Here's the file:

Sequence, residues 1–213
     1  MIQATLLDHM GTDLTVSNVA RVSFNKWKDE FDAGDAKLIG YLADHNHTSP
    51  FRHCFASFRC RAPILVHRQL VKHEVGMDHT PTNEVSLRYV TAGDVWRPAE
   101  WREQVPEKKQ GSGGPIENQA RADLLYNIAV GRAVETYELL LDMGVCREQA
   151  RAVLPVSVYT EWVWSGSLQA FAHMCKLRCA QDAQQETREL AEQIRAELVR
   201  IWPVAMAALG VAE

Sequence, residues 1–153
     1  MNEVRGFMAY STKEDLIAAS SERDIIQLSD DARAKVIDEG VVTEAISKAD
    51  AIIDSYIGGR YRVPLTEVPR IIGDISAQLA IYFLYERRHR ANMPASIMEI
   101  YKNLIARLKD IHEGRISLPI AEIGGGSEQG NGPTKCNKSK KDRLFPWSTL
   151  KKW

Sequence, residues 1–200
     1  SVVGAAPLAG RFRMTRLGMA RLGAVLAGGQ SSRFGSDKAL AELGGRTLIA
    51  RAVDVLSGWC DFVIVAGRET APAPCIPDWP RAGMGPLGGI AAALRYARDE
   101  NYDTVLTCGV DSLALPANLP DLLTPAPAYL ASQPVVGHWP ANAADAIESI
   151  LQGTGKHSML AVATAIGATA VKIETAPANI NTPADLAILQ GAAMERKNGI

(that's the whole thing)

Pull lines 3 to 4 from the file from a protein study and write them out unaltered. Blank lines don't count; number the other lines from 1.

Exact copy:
    51  FRHCFASFRC RAPILVHRQL VKHEVGMDHT PTNEVSLRYV TAGDVWRPAE
   101  WREQVPEKKQ GSGGPIENQA RADLLYNIAV GRAVETYELL LDMGVCREQA